SAG, WGA warming up for AMPTP talks

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Let the strategizing begin.

East and West Coast executives of SAG and the WGA huddled at SAG headquarters in Los Angeles on Friday to begin mapping out strategy for the next round of film and TV contract talks with the Alliance of Motion Picture & Television Producers.

The WGA is expected to begin talks with AMPTP in July on a new contract for movie and primetime scribes, with the old film and TV pact expiring Oct. 31. Similar producer contracts with the DGA and SAG/AFTRA expire in June 2008.

No representatives of the DGA or AFTRA attended the Friday meeting, sources said, but it wasn't clear whether invitations had been extended to those unions. The DGA tends to be a bit independent, but AFTRA for decades has negotiated jointly with SAG on the all-important film and TV agreement.

One well-placed industryite suggested that AFTRA's absence from the meeting underscores the growing rift between leaders of that union and those at SAG. For years, SAG activists have complained bitterly about AFTRA's organizing of TV segments seen as core to SAG's own activities, and they also grouse that AFTRA tends to settle for lesser terms than SAG in bargaining agreements.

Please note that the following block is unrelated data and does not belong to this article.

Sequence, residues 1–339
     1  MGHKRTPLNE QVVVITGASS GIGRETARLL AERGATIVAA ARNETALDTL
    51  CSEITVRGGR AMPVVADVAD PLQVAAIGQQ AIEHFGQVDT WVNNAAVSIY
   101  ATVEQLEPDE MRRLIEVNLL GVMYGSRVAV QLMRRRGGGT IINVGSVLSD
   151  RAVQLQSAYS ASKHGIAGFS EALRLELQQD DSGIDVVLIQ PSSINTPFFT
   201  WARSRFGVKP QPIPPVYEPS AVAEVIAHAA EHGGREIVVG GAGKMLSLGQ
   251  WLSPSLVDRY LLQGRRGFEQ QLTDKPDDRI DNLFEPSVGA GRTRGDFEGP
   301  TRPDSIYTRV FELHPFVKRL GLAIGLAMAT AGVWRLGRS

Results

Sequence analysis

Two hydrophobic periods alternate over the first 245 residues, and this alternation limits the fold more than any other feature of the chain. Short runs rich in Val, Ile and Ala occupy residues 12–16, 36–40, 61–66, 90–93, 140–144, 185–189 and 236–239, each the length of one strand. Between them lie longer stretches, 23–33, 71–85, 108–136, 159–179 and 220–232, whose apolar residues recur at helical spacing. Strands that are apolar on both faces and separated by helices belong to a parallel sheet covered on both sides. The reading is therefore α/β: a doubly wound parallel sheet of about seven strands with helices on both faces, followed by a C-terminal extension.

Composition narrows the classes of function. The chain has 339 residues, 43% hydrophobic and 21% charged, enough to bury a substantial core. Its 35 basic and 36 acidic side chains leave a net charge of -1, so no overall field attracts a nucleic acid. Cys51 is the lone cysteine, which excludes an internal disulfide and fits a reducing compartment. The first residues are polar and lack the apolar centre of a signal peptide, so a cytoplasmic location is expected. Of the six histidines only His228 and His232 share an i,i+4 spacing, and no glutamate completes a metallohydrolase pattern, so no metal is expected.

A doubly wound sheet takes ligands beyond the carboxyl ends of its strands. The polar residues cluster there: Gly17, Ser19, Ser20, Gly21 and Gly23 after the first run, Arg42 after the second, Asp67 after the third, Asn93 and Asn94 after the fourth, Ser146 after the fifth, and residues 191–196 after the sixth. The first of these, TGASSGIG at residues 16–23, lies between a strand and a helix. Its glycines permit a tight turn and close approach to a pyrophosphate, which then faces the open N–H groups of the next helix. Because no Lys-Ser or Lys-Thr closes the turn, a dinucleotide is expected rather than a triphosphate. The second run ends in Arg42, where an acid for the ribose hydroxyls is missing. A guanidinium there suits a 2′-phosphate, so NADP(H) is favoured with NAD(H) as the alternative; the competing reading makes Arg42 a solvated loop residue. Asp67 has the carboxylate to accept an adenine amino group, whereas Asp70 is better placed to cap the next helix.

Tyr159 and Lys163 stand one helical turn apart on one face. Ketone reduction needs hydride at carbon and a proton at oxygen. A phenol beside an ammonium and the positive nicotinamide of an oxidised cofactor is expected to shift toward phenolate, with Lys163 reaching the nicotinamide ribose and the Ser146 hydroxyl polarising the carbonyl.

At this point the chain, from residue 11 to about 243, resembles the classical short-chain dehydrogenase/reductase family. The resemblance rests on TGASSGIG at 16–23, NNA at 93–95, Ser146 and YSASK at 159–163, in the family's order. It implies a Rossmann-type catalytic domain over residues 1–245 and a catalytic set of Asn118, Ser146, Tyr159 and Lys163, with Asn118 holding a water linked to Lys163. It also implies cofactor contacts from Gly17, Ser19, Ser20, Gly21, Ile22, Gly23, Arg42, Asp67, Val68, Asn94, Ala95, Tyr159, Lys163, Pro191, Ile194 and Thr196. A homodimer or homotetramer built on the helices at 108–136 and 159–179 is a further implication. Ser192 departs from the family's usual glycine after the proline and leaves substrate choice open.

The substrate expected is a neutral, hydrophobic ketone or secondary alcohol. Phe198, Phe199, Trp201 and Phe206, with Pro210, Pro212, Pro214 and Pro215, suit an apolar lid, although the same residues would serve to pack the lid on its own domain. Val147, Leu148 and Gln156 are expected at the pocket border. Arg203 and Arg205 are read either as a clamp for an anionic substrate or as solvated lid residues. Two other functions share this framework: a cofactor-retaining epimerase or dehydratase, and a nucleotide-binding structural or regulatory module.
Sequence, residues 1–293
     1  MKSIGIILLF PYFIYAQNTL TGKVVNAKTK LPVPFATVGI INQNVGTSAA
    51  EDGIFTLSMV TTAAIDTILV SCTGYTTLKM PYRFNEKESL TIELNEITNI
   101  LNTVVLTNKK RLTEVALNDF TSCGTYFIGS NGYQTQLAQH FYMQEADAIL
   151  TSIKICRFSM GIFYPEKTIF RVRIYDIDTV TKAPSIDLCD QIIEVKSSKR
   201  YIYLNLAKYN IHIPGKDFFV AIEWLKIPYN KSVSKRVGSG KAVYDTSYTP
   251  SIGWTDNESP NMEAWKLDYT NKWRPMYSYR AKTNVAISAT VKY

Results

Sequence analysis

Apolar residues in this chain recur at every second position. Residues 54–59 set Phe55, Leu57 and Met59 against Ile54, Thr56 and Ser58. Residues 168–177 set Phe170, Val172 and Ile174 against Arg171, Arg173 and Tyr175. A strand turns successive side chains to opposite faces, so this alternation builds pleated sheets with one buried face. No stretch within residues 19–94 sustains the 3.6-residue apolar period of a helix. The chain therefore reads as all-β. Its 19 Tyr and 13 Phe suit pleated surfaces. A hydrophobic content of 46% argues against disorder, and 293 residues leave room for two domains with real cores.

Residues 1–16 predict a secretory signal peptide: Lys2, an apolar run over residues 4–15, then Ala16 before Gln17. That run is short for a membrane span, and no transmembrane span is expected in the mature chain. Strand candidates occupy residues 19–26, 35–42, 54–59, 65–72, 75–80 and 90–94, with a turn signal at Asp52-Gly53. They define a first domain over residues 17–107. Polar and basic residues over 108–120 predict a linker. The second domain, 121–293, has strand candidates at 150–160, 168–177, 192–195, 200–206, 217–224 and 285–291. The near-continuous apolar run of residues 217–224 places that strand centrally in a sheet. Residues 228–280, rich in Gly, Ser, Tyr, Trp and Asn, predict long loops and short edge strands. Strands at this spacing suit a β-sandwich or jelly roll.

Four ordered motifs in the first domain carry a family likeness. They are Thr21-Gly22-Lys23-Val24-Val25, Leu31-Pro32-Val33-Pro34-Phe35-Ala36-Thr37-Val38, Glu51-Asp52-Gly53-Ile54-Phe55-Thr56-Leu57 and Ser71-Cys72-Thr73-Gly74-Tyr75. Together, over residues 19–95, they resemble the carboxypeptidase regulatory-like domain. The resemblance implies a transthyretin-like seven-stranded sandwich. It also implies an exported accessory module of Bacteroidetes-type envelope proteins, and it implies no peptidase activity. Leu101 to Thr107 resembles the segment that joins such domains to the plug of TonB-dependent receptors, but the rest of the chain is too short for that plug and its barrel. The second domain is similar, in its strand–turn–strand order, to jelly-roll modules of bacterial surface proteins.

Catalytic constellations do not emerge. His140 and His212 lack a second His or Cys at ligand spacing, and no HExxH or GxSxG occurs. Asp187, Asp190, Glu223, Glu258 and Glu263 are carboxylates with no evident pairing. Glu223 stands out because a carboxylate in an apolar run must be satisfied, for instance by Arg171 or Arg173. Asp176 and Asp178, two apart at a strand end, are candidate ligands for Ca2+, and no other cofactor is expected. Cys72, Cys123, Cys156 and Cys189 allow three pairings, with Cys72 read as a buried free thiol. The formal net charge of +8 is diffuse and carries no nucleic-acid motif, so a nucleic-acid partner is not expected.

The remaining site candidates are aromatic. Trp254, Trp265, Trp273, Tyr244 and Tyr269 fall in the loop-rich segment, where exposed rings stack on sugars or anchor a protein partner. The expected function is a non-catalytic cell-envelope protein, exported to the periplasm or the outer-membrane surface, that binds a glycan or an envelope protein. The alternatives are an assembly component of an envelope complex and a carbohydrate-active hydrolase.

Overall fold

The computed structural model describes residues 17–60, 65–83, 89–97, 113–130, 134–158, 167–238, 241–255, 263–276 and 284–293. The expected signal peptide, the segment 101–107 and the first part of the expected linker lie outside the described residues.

Doug Allen, who started as SAG national executive director in January, said recently that sorting out such issues represents one of his top priorities — even as the unions prepare for the next round of talks.

"SAG has a real nuclear weapon at its disposal against AFTRA," an industry source said. "All they would have to do to exclude AFTRA from the negotiations would be to vote to overturn the so-called Phase One agreement."

For decades, that policy agreement has made AFTRA a bargaining ally of SAG in key talks with the AMPTP.

Meanwhile, SAG and the WGA leaders have grown particularly close over the past couple of years, but all of the unions share concerns in the next round of talks. Perhaps chief among those is how to approach the subject of new-media compensation.

To date, talent is often refused any payment for entertainment content that is re-used over the Internet or on mobile platforms like cell phones, with studios and networks characterizing such uses as promotional and excluded from current collective bargaining agreements. The guilds have been clear about wanting to establish lucrative new minimums guaranteeing payment for all such re-usage.

Other topics sure to figure in the upcoming round of contract negotiations include the evergreen issues of core compensation, producer contributions to health and pension funds and a long-running debate over the current formula for home video residuals. Guilds tried unsuccessfully to get the home video formula improved three years ago in the last round of film and TV talks, and many observers see labor's push for greater new-media compensation as similarly central to the next round of collective bargaining.
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